Hong Kong is also home to several world-class game studies programs, including one housed at the Hong Kong Polytechnic University School of Design, and the School of Creative Media at the City University of Hong Kong. The proposed workshop offers a welcome opportunity to partner with both of these institutions. This project will create an interactive event through the use of alternate reality games (ARGs) in order to engage with serious intersecting topics in Chicago and Hong Kong, as well as among other sites in the region. In addition to this practice-based research workshop about ARGs, time will also be spent exploring the possibility of a multi-site ARG conducted across UChicago’s global centers, using Hong Kong as the prototype.

Crafting Culture: Porcelain in Jingdezhen and Hong Kong

Key Faculty & Collaborators:

  • (PI) Laura Letinsky, Professor, Department of Visual Arts, The University of Chicago

Unrivaled for its longstanding and far-reaching influence, Jingdezhen, China is the foremost region for porcelain and other ceramics production. Sited in an area rich in minerals specific to porcelain, as early as the sixth century CE, this region developed a highly sophisticated ceramic and porcelain industry that, because of its adjacency to two major rivers, extended its influence and goods across Japan, Persia, Eur-Asia, and, more recently, the Americas. It is home to several Chinese institutes specializing in advanced ceramics training and production. Tangentially, Hong Kong has developed as a vibrant gateway, its markets providing a vehicle for aesthetic and intellectual dialogue between artists and producers. The city is home to innovative technologies bridging traditional crafts and contemporary art. Indeed, this distinction of craft and art is highly pertinent in today’s artistic and intellectual communities through a reevaluation of the importance of knowledge as integral to the body as to the brain.

The PI will visit the prestigious and unique facilities in Jingdezhen to determine opportunities for future collaboration, considering the possibilities for a future exchange with our University and contemporary porcelain artists/designers. Alongside this research, the PI will meet with porcelain artist-designers working in Hong Kong to build a fuller understanding of porcelain and ceramics production, from the physical and artistic, to the conceptual and commercial.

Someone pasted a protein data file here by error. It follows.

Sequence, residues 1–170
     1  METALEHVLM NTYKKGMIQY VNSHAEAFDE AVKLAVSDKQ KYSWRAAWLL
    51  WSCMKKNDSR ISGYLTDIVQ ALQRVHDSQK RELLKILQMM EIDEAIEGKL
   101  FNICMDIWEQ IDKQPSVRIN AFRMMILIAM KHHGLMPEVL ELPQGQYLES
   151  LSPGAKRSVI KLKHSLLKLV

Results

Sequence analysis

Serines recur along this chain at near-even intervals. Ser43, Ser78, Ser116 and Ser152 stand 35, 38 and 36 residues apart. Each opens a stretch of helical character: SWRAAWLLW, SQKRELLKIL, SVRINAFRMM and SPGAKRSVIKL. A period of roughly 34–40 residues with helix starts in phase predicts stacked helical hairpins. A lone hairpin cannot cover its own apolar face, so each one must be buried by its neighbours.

Population Movements, Language Contact in East and Southeast Asia, and Evolutionary Linguistics

Key Faculty & Collaborators:

  • (PI) Salikoko Mufwene, Frank J. McLoraine Distinguished Service Professor, Department of Linguistics, The University of Chicago

Evolutionary linguistics is concerned not only with the protracted emergence of languages in mankind, spanning over hundreds of millennia until Homo sapiens 300 to 80 thousand years ago, but also with changes undergone by languages since then. These include structural changes, language speciation, and language endangerment and loss. The latter is a growing concern of modern linguistics today, by analogy to environmentalists’ concern with endangered species. In this context, several sweeping extrapolations have been stated about China, with the spread of Mandarin, that need to be verified. In its modern practice, evolutionary linguistics is grounded in the social ecology of the relevant speakers, including socioeconomic/population structures and political pressures, beyond the shared prerequisites of uniquely human mental capacity and buccopharyngeal structure and hand shapes that enabled the phylogenetic emergence of language 300 to 80 thousand years ago.

The purpose of this project is to assess the extent to which layers of population movements and language contacts in East and Southeast Asia can account for the specificities of language evolution in the region. In collaboration with colleagues at the University of Hong Kong and the Chinese University of Hong Kong, the PIs will convene experts on language contact and genetic linguists working on language diffusion and contraction in East and Southeast Asia to better understand how languages in the region have evolved and determine how current theories on differential language evolution can be improved.

Past, Present, and Future Pasts

Key Faculty & Collaborators:

  • (PI) Sarah Newman, Assistant Professor, Department of Anthropology
  • Felipe Rojas, Associate Professor, Joukowsky Institute for Archaeology, Brown University
  • Jeffrey Moser, Assistant Professor, Department of History of Art and Architecture, Brown University